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Democratic presidential candidate Martin O'Malley participates in the Democratic Candidates Debate hosted by NBC News and YouTube.
Democratic presidential candidate Martin O'Malley participates in the Democratic Candidates Debate hosted by NBC News and YouTube. (Andrew Burton / Getty Images)

At the Democratic presidential debate in Charleston, S.C., Sunday night, former Maryland Gov. Martin O'Malley defended his record in Baltimore and Maryland on criminal justice.

Asked about his crime policies in light of the death of Freddie Gray in Baltimore police custody, O'Malley said Sunday night that "we weren't able to make our city immune from setbacks" but, "we were able to save a lot of lives."

O'Malley said he repealed the possession of marijuana as a crime and repealed the death penalty in the state. He said incarceration rates and violent crime rates dropped under his watch.

O'Malley also said investing in cities will be a top priority.  Asked about his priorities for his first 100 days in office, the former Maryland governor said Sunday that he would focus on efforts to boost wages, promote clean energy and enhance cities.

The former mayor of Baltimore said: "We have not had a new agenda for America's cities since Jimmy Carter."

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On climate change: O'Malley said the three candidates "actually believe in science." He said Democrats should commit to "a 100 percent clean electricity grid by 2050," leaning on solar and other sources instead of fossil fuels to power the nation.

On Wall Street:  O'Malley jumped into the debate over Wall Street regulation between his two Democratic rivals by alleging Hillary Clinton is being untruthful about the strength of her plans to reign in Wall Street excesses.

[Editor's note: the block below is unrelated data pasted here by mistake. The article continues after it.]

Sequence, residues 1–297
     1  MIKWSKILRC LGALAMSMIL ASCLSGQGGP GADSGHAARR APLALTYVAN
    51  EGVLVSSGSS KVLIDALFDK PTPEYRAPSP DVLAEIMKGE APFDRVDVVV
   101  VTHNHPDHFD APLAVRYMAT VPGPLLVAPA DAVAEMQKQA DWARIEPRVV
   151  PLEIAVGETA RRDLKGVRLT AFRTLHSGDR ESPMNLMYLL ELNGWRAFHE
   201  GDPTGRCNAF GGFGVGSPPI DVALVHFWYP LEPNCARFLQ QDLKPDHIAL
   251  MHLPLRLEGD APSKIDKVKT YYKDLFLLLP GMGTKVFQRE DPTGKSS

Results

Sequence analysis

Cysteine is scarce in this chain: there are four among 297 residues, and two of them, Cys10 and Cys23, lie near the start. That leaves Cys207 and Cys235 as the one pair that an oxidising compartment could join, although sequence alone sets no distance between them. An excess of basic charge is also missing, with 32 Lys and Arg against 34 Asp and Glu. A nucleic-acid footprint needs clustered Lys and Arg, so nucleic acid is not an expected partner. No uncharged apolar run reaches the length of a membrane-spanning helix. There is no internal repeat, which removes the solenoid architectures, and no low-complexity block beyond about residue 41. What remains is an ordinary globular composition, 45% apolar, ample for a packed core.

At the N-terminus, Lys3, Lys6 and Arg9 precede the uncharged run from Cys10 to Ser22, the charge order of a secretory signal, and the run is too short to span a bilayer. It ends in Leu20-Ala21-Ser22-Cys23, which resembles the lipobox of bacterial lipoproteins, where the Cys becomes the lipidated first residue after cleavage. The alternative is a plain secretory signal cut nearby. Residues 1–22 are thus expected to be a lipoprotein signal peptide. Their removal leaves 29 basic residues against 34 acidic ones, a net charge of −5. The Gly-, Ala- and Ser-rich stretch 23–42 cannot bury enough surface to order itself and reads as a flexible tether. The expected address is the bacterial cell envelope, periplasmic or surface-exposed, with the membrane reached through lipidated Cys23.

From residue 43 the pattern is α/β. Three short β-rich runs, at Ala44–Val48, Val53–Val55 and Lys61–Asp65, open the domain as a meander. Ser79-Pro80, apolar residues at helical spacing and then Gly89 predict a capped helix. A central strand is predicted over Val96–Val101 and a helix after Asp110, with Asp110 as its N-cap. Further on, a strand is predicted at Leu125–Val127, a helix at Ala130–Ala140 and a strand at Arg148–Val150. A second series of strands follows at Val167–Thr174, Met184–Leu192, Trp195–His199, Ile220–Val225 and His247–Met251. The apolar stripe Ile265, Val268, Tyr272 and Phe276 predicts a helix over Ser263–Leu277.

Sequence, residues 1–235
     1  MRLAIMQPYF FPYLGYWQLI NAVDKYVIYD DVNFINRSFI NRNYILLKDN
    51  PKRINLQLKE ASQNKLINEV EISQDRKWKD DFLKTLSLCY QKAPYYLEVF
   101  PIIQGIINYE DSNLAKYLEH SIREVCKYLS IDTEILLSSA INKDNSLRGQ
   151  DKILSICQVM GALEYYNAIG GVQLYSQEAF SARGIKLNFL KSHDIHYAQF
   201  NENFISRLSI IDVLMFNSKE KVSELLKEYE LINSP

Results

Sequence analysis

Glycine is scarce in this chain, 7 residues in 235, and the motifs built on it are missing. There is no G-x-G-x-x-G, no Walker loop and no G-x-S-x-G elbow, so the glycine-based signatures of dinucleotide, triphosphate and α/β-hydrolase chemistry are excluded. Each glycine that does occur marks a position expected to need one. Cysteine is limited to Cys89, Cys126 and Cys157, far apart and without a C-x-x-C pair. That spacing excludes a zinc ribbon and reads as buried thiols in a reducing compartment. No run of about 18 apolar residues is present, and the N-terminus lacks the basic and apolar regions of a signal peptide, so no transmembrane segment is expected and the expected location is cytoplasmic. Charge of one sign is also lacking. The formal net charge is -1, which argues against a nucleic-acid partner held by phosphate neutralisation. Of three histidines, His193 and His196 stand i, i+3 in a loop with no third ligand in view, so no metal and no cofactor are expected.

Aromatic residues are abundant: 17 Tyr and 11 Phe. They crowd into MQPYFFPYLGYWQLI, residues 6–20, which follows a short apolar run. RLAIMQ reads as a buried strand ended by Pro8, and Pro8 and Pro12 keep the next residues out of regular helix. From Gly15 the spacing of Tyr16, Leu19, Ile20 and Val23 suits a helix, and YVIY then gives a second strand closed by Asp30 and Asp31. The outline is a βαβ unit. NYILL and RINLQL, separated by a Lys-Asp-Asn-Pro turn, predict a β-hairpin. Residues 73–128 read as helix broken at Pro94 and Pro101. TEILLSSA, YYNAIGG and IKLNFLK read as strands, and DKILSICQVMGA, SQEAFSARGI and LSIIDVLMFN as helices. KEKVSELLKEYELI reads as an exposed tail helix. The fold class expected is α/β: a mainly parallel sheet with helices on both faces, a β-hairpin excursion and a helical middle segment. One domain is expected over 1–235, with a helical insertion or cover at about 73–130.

He jumped in quickly to say "that's not true," when Clinton said her plan for financial regulation has been called the toughest and most comprehensive. O'Malley says he would put "cops back on the beat of Wall Street."

O'Malley tried to make his mark early in a Democratic presidential debate that was expected to be dominated by Hillary Clinton and Bernie Sanders.

He was the only one of the three candidates to mention President Barack Obama and the Republican presidential field during opening statements.

He praised the president, who remains extremely popular among the Democratic base, and managed to tweak Clinton in the same note. "We need new leadership," O'Malley said. "We need to come together and build upon the good things that President Obama have done."

The GOP field, O'Malley said, has been defined by "anger."

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